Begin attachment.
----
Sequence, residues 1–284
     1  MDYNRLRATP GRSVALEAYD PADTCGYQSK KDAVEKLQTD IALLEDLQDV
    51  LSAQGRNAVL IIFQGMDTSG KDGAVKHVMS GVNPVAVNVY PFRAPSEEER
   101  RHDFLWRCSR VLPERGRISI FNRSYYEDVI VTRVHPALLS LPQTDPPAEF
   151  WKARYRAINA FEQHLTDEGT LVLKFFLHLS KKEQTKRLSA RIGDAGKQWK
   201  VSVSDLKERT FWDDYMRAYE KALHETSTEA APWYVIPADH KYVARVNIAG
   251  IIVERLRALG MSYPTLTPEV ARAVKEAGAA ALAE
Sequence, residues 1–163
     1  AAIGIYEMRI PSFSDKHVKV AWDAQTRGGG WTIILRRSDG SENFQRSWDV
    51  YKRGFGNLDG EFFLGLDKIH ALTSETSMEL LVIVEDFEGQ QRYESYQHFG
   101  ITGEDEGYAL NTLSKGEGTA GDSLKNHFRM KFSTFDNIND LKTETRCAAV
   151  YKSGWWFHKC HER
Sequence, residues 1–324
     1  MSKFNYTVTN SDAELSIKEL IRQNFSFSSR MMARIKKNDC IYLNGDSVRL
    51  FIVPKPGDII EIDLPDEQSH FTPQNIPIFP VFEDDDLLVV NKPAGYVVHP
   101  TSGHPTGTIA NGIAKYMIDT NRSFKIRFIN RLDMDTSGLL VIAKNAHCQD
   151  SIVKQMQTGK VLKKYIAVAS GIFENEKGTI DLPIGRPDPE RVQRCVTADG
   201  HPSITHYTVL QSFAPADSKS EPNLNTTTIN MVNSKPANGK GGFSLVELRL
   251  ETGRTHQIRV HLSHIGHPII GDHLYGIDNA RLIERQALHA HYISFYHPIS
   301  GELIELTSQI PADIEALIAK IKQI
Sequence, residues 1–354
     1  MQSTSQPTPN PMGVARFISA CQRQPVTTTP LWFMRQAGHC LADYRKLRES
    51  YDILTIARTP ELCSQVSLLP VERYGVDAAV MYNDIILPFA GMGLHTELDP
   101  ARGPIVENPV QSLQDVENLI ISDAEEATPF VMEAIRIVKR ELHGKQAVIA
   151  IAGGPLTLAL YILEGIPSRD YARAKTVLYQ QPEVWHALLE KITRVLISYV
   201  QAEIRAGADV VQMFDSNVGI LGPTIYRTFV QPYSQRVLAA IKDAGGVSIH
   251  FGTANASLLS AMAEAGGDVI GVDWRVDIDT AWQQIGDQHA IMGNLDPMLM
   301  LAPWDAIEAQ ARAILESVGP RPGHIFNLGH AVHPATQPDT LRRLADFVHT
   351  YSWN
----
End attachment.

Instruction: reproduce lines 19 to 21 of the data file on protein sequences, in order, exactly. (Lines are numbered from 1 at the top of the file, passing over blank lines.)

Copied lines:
   251  ETGRTHQIRV HLSHIGHPII GDHLYGIDNA RLIERQALHA HYISFYHPIS
   301  GELIELTSQI PADIEALIAK IKQI
Sequence, residues 1–354